No joke.  It cost $14.95.  We never, and I mean never, buy popcorn at the theater.  But tonight–call it carpe diem or plain ‘ole holiday gluttony–the Hub showed up at the seat I was saving him with a big fat bag of the salty stuff.  I was surprised and pleased to see my beloved embracing life in this manner.

“Ooh, popcorn!  To what do I owe?” I raised my eyebrows, smiling as I shoved a greedy fist into the kernels.

“I don’t know, it just sounded good.”

“Awesome!  Fun!”  I’m big on awesomeness and fun-ness, no matter how lame a form they take.

“ was kind of expensive…”

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“I know, it’s always a ripoff.  How much was it, exact–”  Just then the lights dimmed and a loud preview jumped from the screen, silencing my interrogation.  No matter; I decided to forgive his extravagance and enjoy this rare glimpse of Vacation Derrick on the mainland for a couple of hours.  The movie was good and by the time the credits rolled,

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all concerns over popcorn costs were forgotten–until we walked past the snack counter on our way out of the theater.  The glare of the neon menu items caught my eye and I read over them, starting with the smallest “combo,” which advertised a large popcorn and one (one) large soda for $14.95.  This was the exact offering that Derrick had given me in the theater, but I knew that, surely, this sign could not be displaying the correct price for it.  Surely, for $14.95, you could buy one large popcorn and one large soda for six, or eight, or twelve or fourteen different people.  Surely, this price was some kind of discounted rate for buying popcorn and soda in bulk–like maybe you were getting thirty dollars worth of popcorn for only fifteen.  I assumed all this because, surely, there was no way, no-how that my left-brained, Type A, enginerding husband had just paid fifteen bucks for a lunch sack of pig feed.

I continued my rapid scan down the symmetrical line of lit-up signs only to discover that the $14.95 combo was, in fact, the cheapest deal on the menu.  It only went up from there:  $16.95 for one large popcorn and two large sodas; $18.95 for two medium popcorns and two large sodas and, get this:  $20.95 for nachos, a candy, and two large sodas.  Twenty-one dollars for a handful of corn chips, a squirt of something-other-than-real-cheese, and a half-empty box of candy.  (I swear they put a regular-sized amount in a king-sized box.  Have you noticed?)   Twenty-one dollars for a snack at the movies; that’s more than the cost of two tickets.  Or, to put it even more disturbingly:  it would buy over two-thirds a bottle of Pearatin.  With that realization, I whipped my (gorgeously Pearatined) head around to the Hub in alarm.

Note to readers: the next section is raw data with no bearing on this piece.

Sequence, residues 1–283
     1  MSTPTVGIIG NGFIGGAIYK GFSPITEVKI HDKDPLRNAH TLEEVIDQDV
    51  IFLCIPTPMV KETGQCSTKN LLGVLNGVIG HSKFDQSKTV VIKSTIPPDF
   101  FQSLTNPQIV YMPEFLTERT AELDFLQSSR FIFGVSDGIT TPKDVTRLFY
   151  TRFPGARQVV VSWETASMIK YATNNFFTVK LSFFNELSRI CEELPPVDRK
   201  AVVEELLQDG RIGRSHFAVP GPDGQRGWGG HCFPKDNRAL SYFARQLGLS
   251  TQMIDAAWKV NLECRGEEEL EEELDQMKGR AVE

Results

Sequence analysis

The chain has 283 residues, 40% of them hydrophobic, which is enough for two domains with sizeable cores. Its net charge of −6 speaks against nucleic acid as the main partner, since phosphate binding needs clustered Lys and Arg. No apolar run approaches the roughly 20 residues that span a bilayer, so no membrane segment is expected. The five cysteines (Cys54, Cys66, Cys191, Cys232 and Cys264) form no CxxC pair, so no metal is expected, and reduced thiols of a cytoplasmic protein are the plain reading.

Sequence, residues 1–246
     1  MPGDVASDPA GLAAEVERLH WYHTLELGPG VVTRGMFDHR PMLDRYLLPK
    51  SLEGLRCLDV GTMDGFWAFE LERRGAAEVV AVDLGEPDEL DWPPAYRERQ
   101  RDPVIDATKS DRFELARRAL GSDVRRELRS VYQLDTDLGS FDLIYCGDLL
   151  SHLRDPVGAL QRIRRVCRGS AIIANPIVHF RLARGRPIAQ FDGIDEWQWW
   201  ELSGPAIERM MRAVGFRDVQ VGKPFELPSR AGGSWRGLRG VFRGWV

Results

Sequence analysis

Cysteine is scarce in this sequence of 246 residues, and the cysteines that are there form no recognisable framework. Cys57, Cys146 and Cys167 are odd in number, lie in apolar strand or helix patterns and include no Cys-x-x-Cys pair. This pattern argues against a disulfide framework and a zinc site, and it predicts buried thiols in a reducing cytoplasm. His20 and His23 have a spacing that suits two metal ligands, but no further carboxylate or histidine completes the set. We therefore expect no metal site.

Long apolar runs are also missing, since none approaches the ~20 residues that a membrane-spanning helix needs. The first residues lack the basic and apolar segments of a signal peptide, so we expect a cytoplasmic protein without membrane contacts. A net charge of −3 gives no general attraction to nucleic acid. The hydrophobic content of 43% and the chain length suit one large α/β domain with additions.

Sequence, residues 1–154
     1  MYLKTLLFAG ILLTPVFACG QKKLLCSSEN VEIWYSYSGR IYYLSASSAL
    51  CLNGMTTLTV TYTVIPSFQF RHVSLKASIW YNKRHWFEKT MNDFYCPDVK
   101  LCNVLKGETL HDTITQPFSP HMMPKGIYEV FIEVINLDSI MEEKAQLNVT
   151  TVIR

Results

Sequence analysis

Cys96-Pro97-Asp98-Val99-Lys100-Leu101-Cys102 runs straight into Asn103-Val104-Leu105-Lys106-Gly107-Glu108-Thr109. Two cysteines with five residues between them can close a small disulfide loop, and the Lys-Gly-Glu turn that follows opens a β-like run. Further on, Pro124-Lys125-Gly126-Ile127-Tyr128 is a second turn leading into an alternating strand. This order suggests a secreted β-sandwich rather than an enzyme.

“Fourteen ninety-five?  For a bag of popcorn?  Are you kidding me?”

“Yeah, well…I didn’t really notice the sign …you know..before I ordered…”  His voice trailed off to an incomprehensible garble, which is every husband’s sweet spot when trying to avoid conflict.  I’ve long suspected that ellipsis were originally invented by Adam for the sole purpose of dodging just such questions from Eve.

Looking down at the bag of popcorn cradled in my arm, I noted with disgust that it was still eighty-percent full.  We had only eaten two inches down from the top.  Which meant, in sum, that we’d paid fifteen dollars to eat about three dollars worth of popcorn.  And by “three dollars worth,” I of course mean three cents’ worth.  If that.

The obvious solution?  We took the bag of now cold, coconut-oil-coagulated corn home with us, convinced that if we fed it to our kids, the purchase would somehow be justified.  I thought searchingly of the Depression, World War II, and the shameful era of Japanese internment camps, when a mother would dig up rotten potatoes in the snow with her gloveless, freezing fingers in order to feed her young.  (Actually, I’m pretty sure they had food in the Japanese internment camps, but listing it with the other two struck just the melancholy quasi-historic note I was going for.)  The point I’m making is this:  if my great-grandmother could dig up potatoes for her kids, I could certainly spend too much on popcorn for mine.  Maybe the analogy isn’t airtight, but I figured as long as I could shove some of that popcorn down their throats, the fifteen dollars it cost could be deducted from  the grocery column of our monthly budget.  I mean, if we had a monthly budget.

It has now been eighteen hours since we came home with the popcorn and so far, the million-dollar baby is still sitting, untouched and alone, atop our kitchen counter.  But like all Mothers Who Sacrifice, I am determined that the popcorn will remain standing until eaten by my grateful children.  (“Think of all the children in the world without fifteen dollar popcorn, you ingrates!”)  And if for any reason my kids snub it (they’d better not!), feeding it to the dog is a good Plan B.  She’s not too picky about food gone cold, and the overpriced nature of the fare will suit her–have you seen what dog food’s going for these days?  Either way, I’ve concluded that my husband’s reckless spending has now afforded me a fifteen-dollar spree of my own, and you can bet it won’t be on popcorn.  Do you know how many e.l.f. Lip Plumpers fifteen bucks will get me?  Look out Target.  Baby’s comin’ back.